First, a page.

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Always Look on the Bright Side of Life: Religiosity, Emotion Regulation and Well-Being in a Jewish and Christian Sample

Abstract

People who are more religious tend to experience more positive affect and higher levels of life satisfaction. Current explanations for this relation include social support, meaning in life, and more positive emotional experiences. Adding cognitive reappraisal as a new mechanism, we propose that religion consistently trains people to reappraise emotional events, making the devout more effective in applying this emotion regulation practice, which cultivates more positive affect and greater life satisfaction. In two studies, involving Israeli Jewish (N = 288) and American Christian (N = 277) participants, we found that more frequent use of cognitive reappraisal mediated the relationship between religiosity and affective experiences, which in turn, were associated with greater life satisfaction. Religiosity was associated with more frequent cognitive reappraisal (in both samples) and less frequent expressive suppression (in the Christian sample). Cognitive reappraisal mediated the link between religiosity and positive affect (in both samples) as well as negative affect (in the Christian sample). We discuss implications for understanding the link between religion and emotional well-being.

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Notes

  1. The sample is identical to the Jewish sample which appears in Vishkin et al. (2016, Study 1). The original sample size was 313, but 4% were excluded from the analyses because they were not Jewish, and 4% were excluded for providing the same response 90% of the time or more (see Schwartz and Rubel-Lifschitz 2009). The measures were collected as part of a larger survey that addressed additional unrelated questions. The sample size was determined based on the other research questions that were tested.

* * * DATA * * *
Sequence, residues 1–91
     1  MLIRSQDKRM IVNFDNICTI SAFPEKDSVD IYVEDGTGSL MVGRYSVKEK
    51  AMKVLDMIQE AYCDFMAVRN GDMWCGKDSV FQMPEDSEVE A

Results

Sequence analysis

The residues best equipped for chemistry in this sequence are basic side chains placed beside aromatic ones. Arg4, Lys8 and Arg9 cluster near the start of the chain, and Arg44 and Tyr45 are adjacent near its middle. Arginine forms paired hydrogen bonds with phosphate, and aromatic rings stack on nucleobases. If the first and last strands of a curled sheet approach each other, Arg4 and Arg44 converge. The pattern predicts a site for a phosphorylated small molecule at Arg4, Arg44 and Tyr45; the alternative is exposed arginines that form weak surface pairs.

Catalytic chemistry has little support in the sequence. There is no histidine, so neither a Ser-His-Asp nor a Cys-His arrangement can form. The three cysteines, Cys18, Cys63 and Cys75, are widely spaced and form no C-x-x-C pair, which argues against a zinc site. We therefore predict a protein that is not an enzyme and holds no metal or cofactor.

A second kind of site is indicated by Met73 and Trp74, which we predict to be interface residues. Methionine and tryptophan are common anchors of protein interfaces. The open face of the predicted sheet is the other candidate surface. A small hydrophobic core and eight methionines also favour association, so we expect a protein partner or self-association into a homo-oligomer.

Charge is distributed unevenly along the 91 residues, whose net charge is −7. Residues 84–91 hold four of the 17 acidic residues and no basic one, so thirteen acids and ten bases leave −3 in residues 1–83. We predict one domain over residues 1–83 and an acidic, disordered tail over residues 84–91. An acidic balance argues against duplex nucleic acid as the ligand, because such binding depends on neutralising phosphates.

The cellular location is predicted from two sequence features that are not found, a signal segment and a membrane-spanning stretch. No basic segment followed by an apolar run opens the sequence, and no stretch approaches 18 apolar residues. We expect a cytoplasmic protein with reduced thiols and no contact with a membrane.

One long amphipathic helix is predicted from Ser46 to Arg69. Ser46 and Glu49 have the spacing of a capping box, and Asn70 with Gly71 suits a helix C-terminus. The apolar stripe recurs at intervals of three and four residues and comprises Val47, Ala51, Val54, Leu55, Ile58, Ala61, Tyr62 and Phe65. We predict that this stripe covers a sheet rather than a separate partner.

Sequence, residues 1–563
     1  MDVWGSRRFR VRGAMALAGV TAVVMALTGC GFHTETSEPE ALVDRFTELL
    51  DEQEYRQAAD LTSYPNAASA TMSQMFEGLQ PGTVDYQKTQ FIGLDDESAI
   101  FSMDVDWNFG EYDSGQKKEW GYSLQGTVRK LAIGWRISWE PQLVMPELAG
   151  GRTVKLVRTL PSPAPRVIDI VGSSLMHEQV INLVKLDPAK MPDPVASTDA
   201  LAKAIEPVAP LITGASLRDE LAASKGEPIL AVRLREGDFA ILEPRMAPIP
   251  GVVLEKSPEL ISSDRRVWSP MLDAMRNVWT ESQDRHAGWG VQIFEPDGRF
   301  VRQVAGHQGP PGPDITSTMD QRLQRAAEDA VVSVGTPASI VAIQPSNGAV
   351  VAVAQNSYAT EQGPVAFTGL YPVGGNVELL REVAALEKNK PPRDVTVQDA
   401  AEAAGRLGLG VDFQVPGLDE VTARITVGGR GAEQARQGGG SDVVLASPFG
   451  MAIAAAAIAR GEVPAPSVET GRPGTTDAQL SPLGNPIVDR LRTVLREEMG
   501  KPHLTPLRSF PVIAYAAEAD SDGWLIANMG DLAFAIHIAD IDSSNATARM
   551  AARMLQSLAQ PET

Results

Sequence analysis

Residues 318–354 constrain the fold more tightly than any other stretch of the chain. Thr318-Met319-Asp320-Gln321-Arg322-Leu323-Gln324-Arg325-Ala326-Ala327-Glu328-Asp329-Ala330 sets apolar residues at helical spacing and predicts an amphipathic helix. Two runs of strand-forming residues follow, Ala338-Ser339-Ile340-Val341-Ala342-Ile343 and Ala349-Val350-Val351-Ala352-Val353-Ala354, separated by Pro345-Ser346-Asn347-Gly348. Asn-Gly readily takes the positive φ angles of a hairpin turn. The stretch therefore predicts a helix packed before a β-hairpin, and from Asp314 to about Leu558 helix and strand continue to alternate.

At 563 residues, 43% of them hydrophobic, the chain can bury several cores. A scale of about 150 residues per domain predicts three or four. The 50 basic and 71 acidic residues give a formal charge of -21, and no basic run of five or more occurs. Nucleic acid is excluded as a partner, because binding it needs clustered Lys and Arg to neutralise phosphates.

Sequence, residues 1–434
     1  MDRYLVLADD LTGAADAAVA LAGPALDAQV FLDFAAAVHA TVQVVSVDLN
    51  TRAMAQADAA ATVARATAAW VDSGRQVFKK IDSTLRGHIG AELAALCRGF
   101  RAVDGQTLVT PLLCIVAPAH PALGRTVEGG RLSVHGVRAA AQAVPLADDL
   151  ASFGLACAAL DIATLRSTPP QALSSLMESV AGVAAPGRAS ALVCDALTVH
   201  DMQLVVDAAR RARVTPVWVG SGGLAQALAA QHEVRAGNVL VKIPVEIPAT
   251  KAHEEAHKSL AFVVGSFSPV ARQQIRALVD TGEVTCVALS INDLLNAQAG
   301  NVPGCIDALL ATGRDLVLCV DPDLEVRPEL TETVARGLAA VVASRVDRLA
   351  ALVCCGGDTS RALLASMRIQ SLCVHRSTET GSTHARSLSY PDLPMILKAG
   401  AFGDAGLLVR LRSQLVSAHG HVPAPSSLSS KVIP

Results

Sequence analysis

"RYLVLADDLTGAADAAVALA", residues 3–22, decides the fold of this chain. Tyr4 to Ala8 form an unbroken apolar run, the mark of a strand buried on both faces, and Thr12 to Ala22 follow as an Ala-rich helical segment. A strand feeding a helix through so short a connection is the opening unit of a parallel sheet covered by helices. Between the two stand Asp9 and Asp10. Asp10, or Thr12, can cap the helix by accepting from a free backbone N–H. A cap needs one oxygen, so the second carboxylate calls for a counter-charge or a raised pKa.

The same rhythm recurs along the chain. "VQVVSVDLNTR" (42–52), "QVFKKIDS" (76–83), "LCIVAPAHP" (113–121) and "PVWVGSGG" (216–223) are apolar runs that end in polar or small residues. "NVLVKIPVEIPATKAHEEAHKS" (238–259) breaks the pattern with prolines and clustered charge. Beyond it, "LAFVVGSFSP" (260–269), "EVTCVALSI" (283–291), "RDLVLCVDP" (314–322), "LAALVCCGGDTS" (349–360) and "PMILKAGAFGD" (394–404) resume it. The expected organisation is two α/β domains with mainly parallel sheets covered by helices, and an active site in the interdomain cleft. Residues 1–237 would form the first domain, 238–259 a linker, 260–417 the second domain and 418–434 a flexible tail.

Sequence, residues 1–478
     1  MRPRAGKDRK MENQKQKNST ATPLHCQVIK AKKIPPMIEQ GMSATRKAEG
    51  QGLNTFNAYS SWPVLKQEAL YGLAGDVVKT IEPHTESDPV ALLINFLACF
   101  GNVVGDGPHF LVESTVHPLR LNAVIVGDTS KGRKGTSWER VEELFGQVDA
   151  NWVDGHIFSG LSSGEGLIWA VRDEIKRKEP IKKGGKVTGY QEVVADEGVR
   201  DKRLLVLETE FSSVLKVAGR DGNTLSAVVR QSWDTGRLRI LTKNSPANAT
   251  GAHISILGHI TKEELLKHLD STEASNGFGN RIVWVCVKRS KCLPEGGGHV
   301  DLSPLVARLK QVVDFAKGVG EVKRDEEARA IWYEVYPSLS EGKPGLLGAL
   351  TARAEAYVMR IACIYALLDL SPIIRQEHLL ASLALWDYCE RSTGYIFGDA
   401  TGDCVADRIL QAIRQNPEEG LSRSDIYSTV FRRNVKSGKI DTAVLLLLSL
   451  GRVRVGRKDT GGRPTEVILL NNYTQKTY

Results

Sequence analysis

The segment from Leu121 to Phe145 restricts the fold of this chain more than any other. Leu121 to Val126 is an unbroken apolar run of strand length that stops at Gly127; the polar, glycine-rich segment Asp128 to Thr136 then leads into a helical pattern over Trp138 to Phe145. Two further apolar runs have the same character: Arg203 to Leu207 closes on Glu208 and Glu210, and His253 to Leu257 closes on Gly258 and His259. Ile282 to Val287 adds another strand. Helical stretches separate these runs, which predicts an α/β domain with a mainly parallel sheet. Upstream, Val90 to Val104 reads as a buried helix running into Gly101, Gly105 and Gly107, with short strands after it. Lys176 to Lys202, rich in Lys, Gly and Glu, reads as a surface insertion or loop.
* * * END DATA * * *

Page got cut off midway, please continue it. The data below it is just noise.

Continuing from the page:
2. The item assessing social identity was not included in Vishkin et al. (2016), but was included here because belonging to a religious community has been linked to well-being (e.g., Lim and Putnam 2010). When the analyses reported in Vishkin et al. (2016) were conducted with this additional item included in the religiosity measure, results remained unchanged. We now report all the items used to measure religiosity.

  3. We analyzed the models both by averaging across all religiosity items (α = .88) and by averaging across each scale. Results were equivalent.

  4. Some of the data collected in this study are also reported in Vishkin et al. (2016), Study 1.

  5. An insignificant Chi square test indicates that the model is acceptable; that is, the observed covariance matrix is similar to the predicted covariance matrix.

  6. Factor loadings and the complete correlation matrix for all items are available from the authors.

  7. The sample is identical to the Christian sample which appears in Vishkin et al. (2016, Study 1). The original sample size was 368, 22% were excluded from the analyses for identifying with a religion other than Christianity and 3% were excluded based on the exclusion criteria used in Study 1. The sample size was set to be similar to that of Study 1.

  8. We analyzed the models both by averaging across all religiosity items (α = .89) and by averaging across each scale. Results were equivalent.

  9. Some of the data collected in this study are also reported in Vishkin et al. (2016), Study 1.

  10. All data relevant to religiosity and well-being has been reported.

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Vishkin, A., Ben-Nun Bloom, P. & Tamir, M. Always Look on the Bright Side of Life: Religiosity, Emotion Regulation and Well-Being in a Jewish and Christian Sample. J Happiness Stud 20, 427–447 (2019). https://doi.org/10.1007/s10902-017-9956-9

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Keywords

  • Religion
  • Emotion
  • Emotion regulation
  • Life satisfaction
  • Well-being